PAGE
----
2 | Peter’s First Easterby Walter Wangerin, Jr.

5 Book to Read Together During Lent | Little Book, Big Story

Through the chapters of this picture book, Wangerin puts the reader right in Peter’s shoes, describing his love for Jesus, and his grief as he walks through the events of Holy Week. (Read the full review.)

3 | The Story of Easterby Aileen Fisher

5 Book to Read Together During Lent | Little Book, Big Story

The Story of Easter goes beyond telling the story of Holy Week (though it does that, too) and explains a bit about the traditions and symbols linked to Easter. This is one of my favorites. (Read the full review.)

4 | The Light of the Worldby Katherine Paterson

Though not strictly an Easter book, I love Katherine Paterson’s telling of Jesus’ life and think it perfectly fitting for Lenten reading, as it places Holy Week in a larger context and reminds us of what Christ accomplished on the Cross. (Read the full review.)

5 | The Donkey who Carried a Kingby R.C. Sproul

Five favorite Easter books for families | Little Book, Big Story

R.C. Sproul nests the story of the crucifixion within the story of a donkey named Davey. That story is nested, in turn, within the story of a young boy who is picked last for the team. It sounds confusing, but Sproul executes the story-within-a-story trick beautifully. (Read the full review.)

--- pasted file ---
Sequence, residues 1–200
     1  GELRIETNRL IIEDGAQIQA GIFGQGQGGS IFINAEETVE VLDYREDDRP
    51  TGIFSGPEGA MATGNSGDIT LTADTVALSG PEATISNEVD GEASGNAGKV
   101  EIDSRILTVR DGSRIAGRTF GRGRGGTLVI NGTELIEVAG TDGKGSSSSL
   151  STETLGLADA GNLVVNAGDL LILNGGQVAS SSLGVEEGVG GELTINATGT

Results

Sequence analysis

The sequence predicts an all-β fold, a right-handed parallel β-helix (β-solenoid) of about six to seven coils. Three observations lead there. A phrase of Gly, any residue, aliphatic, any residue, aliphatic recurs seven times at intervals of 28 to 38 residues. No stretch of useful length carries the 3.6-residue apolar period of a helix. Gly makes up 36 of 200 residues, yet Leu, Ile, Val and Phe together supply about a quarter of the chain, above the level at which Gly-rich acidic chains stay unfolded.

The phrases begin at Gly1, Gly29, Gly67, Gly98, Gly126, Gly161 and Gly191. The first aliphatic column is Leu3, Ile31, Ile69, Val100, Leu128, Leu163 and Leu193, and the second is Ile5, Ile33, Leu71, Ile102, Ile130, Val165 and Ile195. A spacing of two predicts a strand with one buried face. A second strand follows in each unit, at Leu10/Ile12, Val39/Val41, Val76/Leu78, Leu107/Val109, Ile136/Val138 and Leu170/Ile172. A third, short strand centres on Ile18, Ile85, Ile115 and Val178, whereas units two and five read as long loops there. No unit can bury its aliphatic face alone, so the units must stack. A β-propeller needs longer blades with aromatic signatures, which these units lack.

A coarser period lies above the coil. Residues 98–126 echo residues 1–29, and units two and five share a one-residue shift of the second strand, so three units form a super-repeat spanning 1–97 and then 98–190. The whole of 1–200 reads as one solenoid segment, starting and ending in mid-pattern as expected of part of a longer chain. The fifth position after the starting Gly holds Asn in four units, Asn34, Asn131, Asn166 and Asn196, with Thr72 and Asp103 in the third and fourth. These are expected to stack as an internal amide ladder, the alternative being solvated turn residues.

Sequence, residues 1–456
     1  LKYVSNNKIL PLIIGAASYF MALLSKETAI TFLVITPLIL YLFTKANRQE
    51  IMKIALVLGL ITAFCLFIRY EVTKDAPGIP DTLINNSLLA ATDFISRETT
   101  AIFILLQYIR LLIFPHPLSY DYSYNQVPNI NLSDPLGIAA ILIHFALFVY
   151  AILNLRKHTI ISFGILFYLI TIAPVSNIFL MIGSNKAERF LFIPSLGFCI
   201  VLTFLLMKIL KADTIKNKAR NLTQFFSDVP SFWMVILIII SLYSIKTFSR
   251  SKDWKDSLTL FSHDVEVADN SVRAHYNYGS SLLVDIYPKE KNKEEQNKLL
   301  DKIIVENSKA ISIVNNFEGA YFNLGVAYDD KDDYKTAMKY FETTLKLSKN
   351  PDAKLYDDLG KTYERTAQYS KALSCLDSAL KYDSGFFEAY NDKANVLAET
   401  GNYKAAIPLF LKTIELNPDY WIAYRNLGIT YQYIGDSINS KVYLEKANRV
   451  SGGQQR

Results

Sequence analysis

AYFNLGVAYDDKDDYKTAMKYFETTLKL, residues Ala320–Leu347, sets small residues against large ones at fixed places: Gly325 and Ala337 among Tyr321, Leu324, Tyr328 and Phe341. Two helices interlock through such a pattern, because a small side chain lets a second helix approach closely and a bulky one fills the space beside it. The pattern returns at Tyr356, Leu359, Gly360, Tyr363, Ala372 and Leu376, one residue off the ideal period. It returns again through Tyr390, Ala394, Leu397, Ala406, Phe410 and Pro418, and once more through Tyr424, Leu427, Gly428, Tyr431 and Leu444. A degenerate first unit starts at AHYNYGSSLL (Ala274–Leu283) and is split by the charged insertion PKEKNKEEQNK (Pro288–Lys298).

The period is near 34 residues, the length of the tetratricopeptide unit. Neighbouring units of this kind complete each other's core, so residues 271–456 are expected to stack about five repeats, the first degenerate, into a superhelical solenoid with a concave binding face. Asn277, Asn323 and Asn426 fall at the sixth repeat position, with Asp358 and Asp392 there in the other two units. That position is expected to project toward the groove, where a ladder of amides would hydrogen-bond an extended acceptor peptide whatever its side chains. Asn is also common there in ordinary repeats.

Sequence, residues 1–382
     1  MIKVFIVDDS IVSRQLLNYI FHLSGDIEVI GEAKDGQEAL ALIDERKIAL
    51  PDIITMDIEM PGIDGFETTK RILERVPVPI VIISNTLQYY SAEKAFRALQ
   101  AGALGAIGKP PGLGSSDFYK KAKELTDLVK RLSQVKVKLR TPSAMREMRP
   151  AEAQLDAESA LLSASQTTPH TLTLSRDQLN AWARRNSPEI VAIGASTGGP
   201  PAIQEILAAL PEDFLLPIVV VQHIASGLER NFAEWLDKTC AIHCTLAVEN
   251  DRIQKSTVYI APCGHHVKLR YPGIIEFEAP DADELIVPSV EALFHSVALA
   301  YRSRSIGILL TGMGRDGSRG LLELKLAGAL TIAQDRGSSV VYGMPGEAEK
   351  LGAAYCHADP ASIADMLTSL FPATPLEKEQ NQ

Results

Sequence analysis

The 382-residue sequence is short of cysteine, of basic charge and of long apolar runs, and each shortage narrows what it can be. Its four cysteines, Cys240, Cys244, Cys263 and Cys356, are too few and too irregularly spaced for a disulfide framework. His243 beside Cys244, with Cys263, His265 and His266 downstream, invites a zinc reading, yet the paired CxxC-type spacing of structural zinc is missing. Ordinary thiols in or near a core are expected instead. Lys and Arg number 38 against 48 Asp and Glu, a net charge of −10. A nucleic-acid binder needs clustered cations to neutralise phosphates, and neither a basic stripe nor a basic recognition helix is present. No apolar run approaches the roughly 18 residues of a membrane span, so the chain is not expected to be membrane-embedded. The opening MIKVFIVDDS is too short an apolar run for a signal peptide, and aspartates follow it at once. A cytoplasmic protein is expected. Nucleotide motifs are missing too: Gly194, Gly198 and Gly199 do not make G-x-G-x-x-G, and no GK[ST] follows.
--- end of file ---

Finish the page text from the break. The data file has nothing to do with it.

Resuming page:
These are my top five Easter favorites, but they are not the only Easter books featured on Little Book, Big Story. You can read the other reviews in the Easter section of the blog. I’ll share still more with you during the next few weeks, as a bookish way to observe Lent.

On Writing Stories for Your Children (It’s Easier Than You Think)

This post is my 100th post on Little Book, Big Story!  Finding books to share with you is just my cup of tea, and I can’t tell you how it warms my heart to hear that some of these books have found their way onto your own bookshelves. Thank you all for reading this blog! I love hearing from you and look forward to finding another hundred books to share with you.

The 100th Post: On Writing Stories | Little Book, Big Story

To celebrate hitting the hundredth post, I dug up one of my favorite posts from the last two years, fixed it up and added a little something extra at the end. (One thing I didn’t change but could have: I still write on the couch. Somehow, writing at a desk never took.)

For the first time in years, I have a writing desk. It is little and white and looks like a dresser when closed, but once opened, that desk is a tiny work space in a house full of daughters and cats and wing back chairs and one very patient husband. That tiny space is mine and I don’t have to share.